Print Edition - 2014-06-15 | Free the Words
Feeling the public pulse
- This CA is repeating a mistake made by the previous Assembly in not gauging public opinion on federalism
Jun 14, 2014-
Kathmandu proved us right. It deliberately sidelined the idea of getting public input on the most vexing areas of constitution making. Kathmandu’s political cohorts also quietly dismissed efforts from civic groups and non-government entities to collect and disseminate information about the basis of state restructuring, federalism and adjoining issues.
Treading the same path
The second Constituent Assembly (CA) has now begun a new round of deliberations on the most contentious issues of the constitution—state restructuring and federalism. Discourse on the major agenda of the constitution has hit the ground running as nothing significant could be achieved in the first CA. If early signs are any indication, there’s very little to be hopeful about. We would like to take stock of the issues that are at stake as the CA tries to navigate its path amidst the labyrinth of bureaucratic, political and legislative traffic.
To begin with, the entire process has blatantly ignored public input. According to our public poll, the failure of the first CA was a result of its sheer ignorance about public opinion on federalism. It appears as though political leaders, policy analysts and constitutional experts understood this but did not own up to it. To make matters worse, the second CAwas designed to make the same mistake.The public has neither been asked about the number of provinces nor the basis of state restructuring. Going by the early phase of discussions, several non-governmental efforts to expedite the constitution-writing process by collecting public opinion through polls and citizen surveys are losing traction as political leaders and civic society leaders—who otherwise offer critical interviews on the leisurely working of the government and make a mockery of CA affairs—are hardly talking about these polls and surveys. In well-functioning democracies across the world, public polls are vital instruments to gauge public mood and solicit feedback on a wide range of issues, from the functioning of the government to legislative changes.
Second, the government’s performance in its first three months has been dismal and it does not appear to be committed to get its job done. Embattled in myriad bureaucratic mishaps from the appointment of Supreme Court Justices to the promotion of police officers, the government and its major parties—the Nepali Congress and the CPN-UML—are gradually losing the vote of confidence given to them in the November 19 election. The two parties are at loggerheads from minor to major policy departures as if one among them is really an opposition.
On the other hand, the real opposition, the UCPN (Maoist), is entangled in its failed democratisation endeavors within its own party and vents its anger by outlandishly obstructing the CA proceedings. The old Rastriya Prajantantra Party (RPP), which once comprised of former royalists and seasoned apparatchiks, is now on the brink of a fall out after its take-a-turn leadership strategy was supposedly dismissed by veteran leader and former prime minister Surya Bahadur Thapa. The fourth largest party in the Constitution Assembly, RPP-Nepal, continues to beat the obsolete drums of monarchy and a Hindu state, further narrowing opportunities for collaboration with other parties. In the backdrop of these neverending political sagas and the parties’ inability to get their act right, it’s very likely that the current crisis is going to be much more prolonged.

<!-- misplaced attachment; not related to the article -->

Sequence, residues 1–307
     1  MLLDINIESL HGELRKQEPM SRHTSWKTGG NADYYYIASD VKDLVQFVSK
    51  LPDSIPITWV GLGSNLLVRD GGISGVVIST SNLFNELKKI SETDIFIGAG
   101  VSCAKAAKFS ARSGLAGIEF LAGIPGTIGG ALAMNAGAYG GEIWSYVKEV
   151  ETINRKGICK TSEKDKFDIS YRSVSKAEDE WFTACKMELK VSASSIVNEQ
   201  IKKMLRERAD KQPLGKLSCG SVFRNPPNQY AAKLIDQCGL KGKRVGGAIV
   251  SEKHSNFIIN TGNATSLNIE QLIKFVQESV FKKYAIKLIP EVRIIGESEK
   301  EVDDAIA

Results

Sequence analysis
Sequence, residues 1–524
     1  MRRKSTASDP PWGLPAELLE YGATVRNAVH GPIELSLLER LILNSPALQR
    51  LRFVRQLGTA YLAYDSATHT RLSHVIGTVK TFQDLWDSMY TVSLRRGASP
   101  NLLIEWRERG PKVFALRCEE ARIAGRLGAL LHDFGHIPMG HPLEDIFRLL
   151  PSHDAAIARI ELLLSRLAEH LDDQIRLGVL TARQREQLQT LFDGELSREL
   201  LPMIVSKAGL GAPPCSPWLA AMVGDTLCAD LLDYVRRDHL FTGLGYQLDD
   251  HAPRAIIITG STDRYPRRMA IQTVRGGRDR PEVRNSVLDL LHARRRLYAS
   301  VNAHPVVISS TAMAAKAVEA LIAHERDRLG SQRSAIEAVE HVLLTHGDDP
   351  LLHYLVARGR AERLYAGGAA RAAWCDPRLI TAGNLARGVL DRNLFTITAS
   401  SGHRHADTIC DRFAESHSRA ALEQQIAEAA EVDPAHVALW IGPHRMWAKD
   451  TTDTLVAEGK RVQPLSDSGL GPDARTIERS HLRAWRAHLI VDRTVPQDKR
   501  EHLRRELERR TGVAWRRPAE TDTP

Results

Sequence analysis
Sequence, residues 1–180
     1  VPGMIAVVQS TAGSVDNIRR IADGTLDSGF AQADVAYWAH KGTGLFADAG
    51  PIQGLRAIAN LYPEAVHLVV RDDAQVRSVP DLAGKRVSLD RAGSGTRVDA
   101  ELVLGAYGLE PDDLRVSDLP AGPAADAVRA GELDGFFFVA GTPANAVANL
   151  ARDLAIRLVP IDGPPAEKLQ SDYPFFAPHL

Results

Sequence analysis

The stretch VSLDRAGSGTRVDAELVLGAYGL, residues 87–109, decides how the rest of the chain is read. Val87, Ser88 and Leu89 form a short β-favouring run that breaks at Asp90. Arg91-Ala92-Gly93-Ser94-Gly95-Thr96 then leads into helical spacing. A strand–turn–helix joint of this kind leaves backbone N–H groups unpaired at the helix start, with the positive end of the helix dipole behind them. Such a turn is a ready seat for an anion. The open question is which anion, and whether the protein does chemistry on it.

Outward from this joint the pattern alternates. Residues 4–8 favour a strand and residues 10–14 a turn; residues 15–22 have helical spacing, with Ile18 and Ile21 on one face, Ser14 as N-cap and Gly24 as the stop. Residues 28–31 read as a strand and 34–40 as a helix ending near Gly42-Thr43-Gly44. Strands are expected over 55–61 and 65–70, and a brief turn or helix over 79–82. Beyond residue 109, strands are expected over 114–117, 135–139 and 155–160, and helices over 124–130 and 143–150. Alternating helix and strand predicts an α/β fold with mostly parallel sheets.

Third, the basis of discussion for state restructuring is flawed, especially when support for ethnicity-based federalism is waning from every sphere of society. The names of the provinces appear to be particularly thoughtless, such as Magarat Rajya or Limbuban or Mithila Pradesh, as they are not only offensive to minorities in respective jurisdictions but also discourage mobility and cross-cultural exchange of ideas, knowledge and skills. In an increasingly globalised era, where the identity of the human race is not defined by race, ethnicity and colour but by skills, education and ability, Nepali leaders and their regional protégés continue to talk of ethnic federalism.
Not good enough
Lastly, the CA members appear to be either resentful or ill-versed in their knowledge for active and concerted efforts in drafting a new constitution. This is evident from the scant presence of CA members during CA proceedings, continuous obstruction of the meeting by the opposition and the prime minister’s China caravan. Until and unless there is a shared sense of responsibility, commitment and grit from all CA members, Nepalis will undoubtedly continue to suffer at the expense of well-paid lawmakers and bureaucrats.
The urgent task before the new CA is to promptly begin deliberations on the unresolved parts of the constitution while honouring the achievements of the first CA. While the government
may have many operational priorities and a development agenda in its to-do list, it cannot drift away from its core objective of writing and promulgating a new constitution within a year of its stated timeline.
It’s not too late to overlook public feedback. The government should immediately reach out to the public through town hall meetings and other ways to gather their input. As famously said by John F Kennedy, 35th President of the United States, “The ignorance of one voter in a democracy impairs the security of all.” It would be a grave mistake by Nepali leaders if public voice is ousted in the CA process. For now, we can only remain cautiously optimistic.
Sharma is President and Bhattarai is Vice-President of VIFON
Published: 15-06-2014 08:53